New bioarchaeological research shows malaria has threatened human communities for more than 7000 years, earlier than when the onset of farming was thought to have sparked its devastating arrival.
Lead author Dr Melandri Vlok from the Department of Anatomy, University of Otago, says this ground-breaking research, published today in Scientific Reports, changes the entire understanding of the relationship humans have had with malaria, still one of the deadliest diseases in the world.
"Until now we've believed malaria became a global threat to humans when we turned to farming, but our research shows in at least Southeast Asia this disease was a threat to human groups well before that.
"This research providing a new cornerstone of malaria's evolution with humans is a great achievement by the entire team," Dr Vlok says.
Still a serious health issue, as recently as 2019 the World Health Organization reported an estimated 229 million cases of malaria around the world, with 67 per cent of malaria deaths in children under the age of 5 years.
While malaria is invisible in the archaeological record, the disease has changed the evolutionary history of human groups causing consequences visible in prehistoric skeletons. Certain genetic mutations can lead to the inheritance of Thalassemia, a devasting genetic disease that in its milder form provides some protection against malaria.
Deep in humanity's past, the genes for malaria became more common in Southeast Asia and the Pacific where it remains a threat, but up until now the origin of malaria has not been pinpointed. This research has identified thalassemia in an ancient hunter-gatherer archaeological site from Vietnam dated to approximately 7000 years ago, thousands of years before the transition to farming in the region.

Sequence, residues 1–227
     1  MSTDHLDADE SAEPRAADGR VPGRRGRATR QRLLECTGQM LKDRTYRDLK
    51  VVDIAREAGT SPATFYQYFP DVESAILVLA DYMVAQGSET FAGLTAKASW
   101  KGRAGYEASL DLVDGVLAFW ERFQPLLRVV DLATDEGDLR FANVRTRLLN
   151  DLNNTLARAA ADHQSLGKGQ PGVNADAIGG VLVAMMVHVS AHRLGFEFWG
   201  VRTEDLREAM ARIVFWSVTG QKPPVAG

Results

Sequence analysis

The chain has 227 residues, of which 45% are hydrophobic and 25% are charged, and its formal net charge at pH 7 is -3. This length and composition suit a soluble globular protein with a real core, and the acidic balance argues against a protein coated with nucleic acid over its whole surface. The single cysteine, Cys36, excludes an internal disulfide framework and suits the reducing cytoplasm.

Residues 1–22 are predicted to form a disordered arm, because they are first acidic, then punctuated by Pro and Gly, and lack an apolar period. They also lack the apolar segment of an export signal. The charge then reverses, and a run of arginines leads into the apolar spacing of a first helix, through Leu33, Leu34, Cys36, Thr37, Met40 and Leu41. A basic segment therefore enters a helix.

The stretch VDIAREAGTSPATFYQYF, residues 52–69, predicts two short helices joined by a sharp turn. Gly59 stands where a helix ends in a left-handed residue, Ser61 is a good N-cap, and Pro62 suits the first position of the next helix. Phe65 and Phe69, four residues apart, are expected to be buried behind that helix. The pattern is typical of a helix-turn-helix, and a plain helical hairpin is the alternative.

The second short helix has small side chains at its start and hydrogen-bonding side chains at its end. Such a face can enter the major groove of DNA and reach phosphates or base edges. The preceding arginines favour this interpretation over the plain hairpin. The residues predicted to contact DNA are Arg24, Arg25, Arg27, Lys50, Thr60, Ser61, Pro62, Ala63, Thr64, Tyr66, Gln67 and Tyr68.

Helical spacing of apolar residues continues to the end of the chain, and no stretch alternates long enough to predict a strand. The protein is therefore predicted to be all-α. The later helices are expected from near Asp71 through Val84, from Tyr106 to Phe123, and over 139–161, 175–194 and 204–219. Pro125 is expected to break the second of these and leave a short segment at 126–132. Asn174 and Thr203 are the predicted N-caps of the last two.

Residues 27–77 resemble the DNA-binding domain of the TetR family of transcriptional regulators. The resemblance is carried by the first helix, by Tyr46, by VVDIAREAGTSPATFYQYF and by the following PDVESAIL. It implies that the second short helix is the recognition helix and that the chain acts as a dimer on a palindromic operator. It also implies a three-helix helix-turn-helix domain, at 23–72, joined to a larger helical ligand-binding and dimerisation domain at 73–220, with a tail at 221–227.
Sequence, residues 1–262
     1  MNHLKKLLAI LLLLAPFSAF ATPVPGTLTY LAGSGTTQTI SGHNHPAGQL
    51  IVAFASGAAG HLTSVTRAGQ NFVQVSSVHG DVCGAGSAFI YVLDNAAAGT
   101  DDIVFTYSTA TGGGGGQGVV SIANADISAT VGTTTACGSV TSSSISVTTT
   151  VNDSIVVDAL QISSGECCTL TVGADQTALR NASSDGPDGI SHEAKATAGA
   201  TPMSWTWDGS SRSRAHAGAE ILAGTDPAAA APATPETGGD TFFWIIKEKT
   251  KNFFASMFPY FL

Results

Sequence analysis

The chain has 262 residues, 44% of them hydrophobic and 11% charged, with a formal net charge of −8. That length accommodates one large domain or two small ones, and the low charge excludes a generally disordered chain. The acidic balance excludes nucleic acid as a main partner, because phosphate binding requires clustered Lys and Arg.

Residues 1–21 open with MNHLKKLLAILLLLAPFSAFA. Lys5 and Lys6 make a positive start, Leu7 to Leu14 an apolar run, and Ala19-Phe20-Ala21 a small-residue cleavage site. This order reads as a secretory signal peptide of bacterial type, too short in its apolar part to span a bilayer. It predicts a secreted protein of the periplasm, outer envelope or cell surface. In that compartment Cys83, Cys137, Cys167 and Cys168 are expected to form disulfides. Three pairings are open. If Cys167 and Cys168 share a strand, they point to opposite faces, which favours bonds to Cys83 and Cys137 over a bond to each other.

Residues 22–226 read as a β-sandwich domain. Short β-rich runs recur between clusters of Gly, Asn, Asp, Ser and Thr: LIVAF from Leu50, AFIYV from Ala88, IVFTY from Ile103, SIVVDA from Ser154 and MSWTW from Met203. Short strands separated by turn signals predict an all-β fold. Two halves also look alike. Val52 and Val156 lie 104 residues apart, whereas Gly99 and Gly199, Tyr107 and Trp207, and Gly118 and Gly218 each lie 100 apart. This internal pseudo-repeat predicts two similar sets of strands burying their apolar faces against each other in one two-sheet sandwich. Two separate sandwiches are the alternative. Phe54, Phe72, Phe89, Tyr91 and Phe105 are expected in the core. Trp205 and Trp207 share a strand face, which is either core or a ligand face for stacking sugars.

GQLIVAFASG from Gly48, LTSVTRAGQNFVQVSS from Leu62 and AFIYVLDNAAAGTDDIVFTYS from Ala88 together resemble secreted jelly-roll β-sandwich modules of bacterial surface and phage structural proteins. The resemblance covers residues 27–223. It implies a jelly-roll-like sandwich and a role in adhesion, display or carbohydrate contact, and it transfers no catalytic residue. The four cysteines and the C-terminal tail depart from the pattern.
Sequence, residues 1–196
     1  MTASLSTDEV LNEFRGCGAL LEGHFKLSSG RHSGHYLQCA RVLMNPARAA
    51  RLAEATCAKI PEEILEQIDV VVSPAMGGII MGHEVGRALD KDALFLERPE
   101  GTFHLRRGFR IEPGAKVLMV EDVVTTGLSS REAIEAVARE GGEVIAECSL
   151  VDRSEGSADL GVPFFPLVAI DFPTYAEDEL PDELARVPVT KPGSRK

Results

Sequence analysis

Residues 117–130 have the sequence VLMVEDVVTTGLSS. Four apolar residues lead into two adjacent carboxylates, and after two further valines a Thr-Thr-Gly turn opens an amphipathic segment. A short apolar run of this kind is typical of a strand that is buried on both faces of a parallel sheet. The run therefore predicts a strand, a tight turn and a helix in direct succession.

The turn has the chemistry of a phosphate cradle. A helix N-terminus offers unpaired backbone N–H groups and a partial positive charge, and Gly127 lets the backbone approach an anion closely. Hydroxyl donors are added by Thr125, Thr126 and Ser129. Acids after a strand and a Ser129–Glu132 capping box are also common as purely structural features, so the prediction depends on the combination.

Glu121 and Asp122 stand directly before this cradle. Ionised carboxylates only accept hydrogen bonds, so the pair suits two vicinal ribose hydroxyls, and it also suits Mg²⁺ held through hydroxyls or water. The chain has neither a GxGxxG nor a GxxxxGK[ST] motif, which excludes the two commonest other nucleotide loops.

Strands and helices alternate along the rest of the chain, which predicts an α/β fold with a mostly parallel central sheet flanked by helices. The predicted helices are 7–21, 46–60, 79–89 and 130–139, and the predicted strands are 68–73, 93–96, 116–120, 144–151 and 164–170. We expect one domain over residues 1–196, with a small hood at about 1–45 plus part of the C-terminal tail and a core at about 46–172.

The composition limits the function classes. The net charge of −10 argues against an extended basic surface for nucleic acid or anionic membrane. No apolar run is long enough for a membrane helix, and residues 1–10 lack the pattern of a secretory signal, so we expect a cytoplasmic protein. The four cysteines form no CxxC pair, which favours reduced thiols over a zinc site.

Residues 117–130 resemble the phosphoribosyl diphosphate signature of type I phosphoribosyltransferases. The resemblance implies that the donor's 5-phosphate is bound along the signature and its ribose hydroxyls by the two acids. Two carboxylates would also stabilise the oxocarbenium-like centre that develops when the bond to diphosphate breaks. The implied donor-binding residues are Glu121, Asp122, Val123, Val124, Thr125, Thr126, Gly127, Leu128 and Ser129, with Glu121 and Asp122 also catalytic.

In some parts of the world, slashing and burning in agricultural practice would have created pools of stagnant water attracting mosquitos carrying malaria, but in Southeast Asia these mosquitos are common forest dwellers exposing humans to the disease long before agriculture was adopted.
The study Forager and farmer evolutionary adaptations to malaria evidenced by 7000 years of thalassemia in Southeast Asia is a result of combined efforts from years of investigation by a team of researchers led by Professor Marc Oxenham (currently at the University of Aberdeen) and including researchers from University of Otago, the Australian National University (ANU), James Cook University, Vietnam Institute of Archaeology and Sapporo Medical University.
The research is the first of its kind to use microscopic techniques to investigate changes in bone tissue to identify thalassemia. In 2015, Professor Hallie Buckley from the University of Otago noticed changes in the bone of hunter-gatherers that made her suspicious that thalassemia might be the cause, but the bones were too poorly preserved to be certain. Professor Buckley called in microscopic bone expert Dr Justyna Miszkiewicz of ANU to investigate. Under the microscope, the ancient samples from Vietnam showed evidence for abnormal porosity mirroring modern-day bone loss complications in thalassemic patients.
At the same time, Dr Vlok, completing her doctoral research in Vietnam, found changes in the bones excavated in a 4000-year-old agricultural site in the same region as the 7000-year-old hunter-gatherer site. The combined research suggests a long history of evolutionary changes to malaria in Southeast Asia which continues today.
"A lot of pieces came together, then there was a startling moment of realisation that malaria was present and problematic for these people all those years ago, and a lot earlier than we've known about until now," Dr Vlok adds.